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Short Sales & Your Mortgage Lender

By
Real Estate Broker/Owner with Realty One Group

 

 

 

 

 

If you purchased your home in a sellers market and are trying to sell your home in today's buyer's market, it is highly likely that you will be faced with asking your mortgage lender for some debt for some debt forgiveness in selling your home, otherwise known as a short sale.  Putting your home for sale as a short sale is one thing; getting your mortgage lender's approval to sell your home as a short sale is altogether something different.

 

 

In most instances, your mortgage lender will require you to provide them with personal & financial documentation before they will even consider accepting a short sale of your home.  The documentation typically asked for by most lenders will consist of the following:

 

*Recent pay stubs to document employment and income

*Your two most recent Federal income tax returns

*A list of assets and liabilities

*Two recent bank statements to review monthly cash flow

*A Comparative Market Analysis of your home

 

Why does the lender need this documentation?  Your mortgage lender is looking at all of their options, some of which may not be in your best interests.   The Comparative Market Analysis gives your mortgage lender a glimpse of what your home may sell for today, based on recent home sales in your area that compare closest to your home. An analysis of your income, assets, and liabilities by your mortgage lender may be done to determine whether or not you can afford to make monthly payments towards the difference of what is currently owed on your mortgage, and what the home will likely sales price of the home!  For example, if you owe $300,000 on your note and mortgage, and your home sells for $200,000, the difference of $100,000 can be made into a promissory note from you to the mortgage lender.  A $100,000 loan at 8% interest over 30 years is $733.80 per month! Several recent real estate sales failed to close due to this requirement by the mortgage lender.

Given the fact that mortgage lenders nationwide are faced with losing billons of dollars due to the current mortgage and real estate crisis, they will do everything possible to minimize their losses.  The promissory note for the deficiency balance is just one example of what lenders will attempt to do to keep their losses to a minimum.

 

 

 

What if your mortgage lender doesn't approve the short sale?  Not all short sale requests are approved by most mortgage lenders.  In fact, it has been said less than 50% of all requests for short sales are actually approved, leaving the homeowner with even fewer options.  Regardless of which option you choose, your mortgage lender already has updated information and documentation on you and your home, which may put you at a real disadvantage, especially if your home ends up in foreclosure.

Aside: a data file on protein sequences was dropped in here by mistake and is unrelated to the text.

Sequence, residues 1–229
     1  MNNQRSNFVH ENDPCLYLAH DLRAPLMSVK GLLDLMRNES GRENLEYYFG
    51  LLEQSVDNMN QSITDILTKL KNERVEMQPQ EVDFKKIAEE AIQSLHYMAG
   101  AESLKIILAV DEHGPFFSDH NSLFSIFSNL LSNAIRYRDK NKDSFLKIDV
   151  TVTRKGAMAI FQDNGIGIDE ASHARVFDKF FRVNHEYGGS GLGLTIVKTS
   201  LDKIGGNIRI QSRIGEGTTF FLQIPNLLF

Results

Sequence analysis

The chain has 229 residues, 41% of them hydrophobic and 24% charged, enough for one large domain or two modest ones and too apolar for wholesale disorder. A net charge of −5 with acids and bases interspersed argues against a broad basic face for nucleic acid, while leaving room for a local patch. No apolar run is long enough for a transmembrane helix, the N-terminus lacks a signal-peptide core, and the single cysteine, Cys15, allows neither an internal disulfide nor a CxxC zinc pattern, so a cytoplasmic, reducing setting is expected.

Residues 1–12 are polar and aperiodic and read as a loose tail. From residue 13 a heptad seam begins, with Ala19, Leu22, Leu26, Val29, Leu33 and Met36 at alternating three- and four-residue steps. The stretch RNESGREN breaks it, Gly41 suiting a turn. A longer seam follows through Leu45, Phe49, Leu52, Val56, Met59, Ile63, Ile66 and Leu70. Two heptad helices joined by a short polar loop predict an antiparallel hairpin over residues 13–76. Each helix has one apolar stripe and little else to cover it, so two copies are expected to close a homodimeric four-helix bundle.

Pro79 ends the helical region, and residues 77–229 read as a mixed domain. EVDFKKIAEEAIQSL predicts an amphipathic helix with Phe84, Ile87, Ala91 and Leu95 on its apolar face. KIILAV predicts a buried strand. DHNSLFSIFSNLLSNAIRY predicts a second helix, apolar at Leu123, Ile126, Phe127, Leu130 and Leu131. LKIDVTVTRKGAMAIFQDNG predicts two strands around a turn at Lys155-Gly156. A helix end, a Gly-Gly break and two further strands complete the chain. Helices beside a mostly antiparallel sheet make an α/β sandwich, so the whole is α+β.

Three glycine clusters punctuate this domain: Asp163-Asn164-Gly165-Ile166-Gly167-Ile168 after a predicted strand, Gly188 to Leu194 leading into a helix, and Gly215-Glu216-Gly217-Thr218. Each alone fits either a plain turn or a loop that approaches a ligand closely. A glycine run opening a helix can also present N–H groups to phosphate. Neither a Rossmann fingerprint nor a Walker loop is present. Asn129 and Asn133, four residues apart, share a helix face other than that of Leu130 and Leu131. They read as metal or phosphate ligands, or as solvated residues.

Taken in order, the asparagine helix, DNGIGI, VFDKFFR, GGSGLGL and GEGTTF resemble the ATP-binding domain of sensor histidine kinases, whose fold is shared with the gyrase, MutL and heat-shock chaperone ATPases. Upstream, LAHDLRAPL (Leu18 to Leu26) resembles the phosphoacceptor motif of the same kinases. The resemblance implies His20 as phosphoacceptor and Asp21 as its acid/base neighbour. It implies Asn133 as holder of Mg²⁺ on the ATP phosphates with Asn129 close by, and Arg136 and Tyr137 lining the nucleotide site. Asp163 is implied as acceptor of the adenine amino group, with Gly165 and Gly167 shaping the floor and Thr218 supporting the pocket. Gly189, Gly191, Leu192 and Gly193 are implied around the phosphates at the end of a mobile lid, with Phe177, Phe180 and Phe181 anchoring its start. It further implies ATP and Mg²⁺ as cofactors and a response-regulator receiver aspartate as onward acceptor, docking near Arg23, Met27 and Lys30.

The best advice I can offer to someone in this situation is to speak to an attorney immediately, especially someone who specializes in real property foreclosure.  I have spoken to several attorneys whose recommendation has been to simply allow the home to go through the foreclosure process.  Once the home is sold, there still remains the very likely possibility that there may be a deficiency balance owed by the homeowner to the mortgage lender.  A bankruptcy attorney can provide you with very helpful advice in dealing with any deficiency balances that may be owed to the mortgage lender.

 

Losing your home in a foreclosure does not mean you can never own a home again.  In fact, you may be able to get another mortgage in as little as two years, provided that you take several steps towards re-establishing your credit shortly after the foreclosure occurs.  A competent financial professional can tell you how.

 

It is inevitable that hundreds of thousands of homeowners nationwide will lose their homes through foreclosure over the next 2 years, especially those homeowners whose mortgages had interest rate adjustments and simply could not refinance their mortgage due to declining property values.   Asking your mortgage lender to approve a short sale of your home may end up creating more headaches for you than necessary.

 

Make sure you seek competent financial and legal consultation before you consider selling your home by short sale.

 

Mike Sikorski, MBA, GRI

Licensed Real Estate Broker

Licensed Mortgage Broker

Loss Mitigation Specialist

FLORIDA REALTY NETWORK LLC

 

22079 Kimble Avenue

Port Charlotte, Florida 33952

Phone (941) 206-6000

Email: Mike@FloridaRealty.net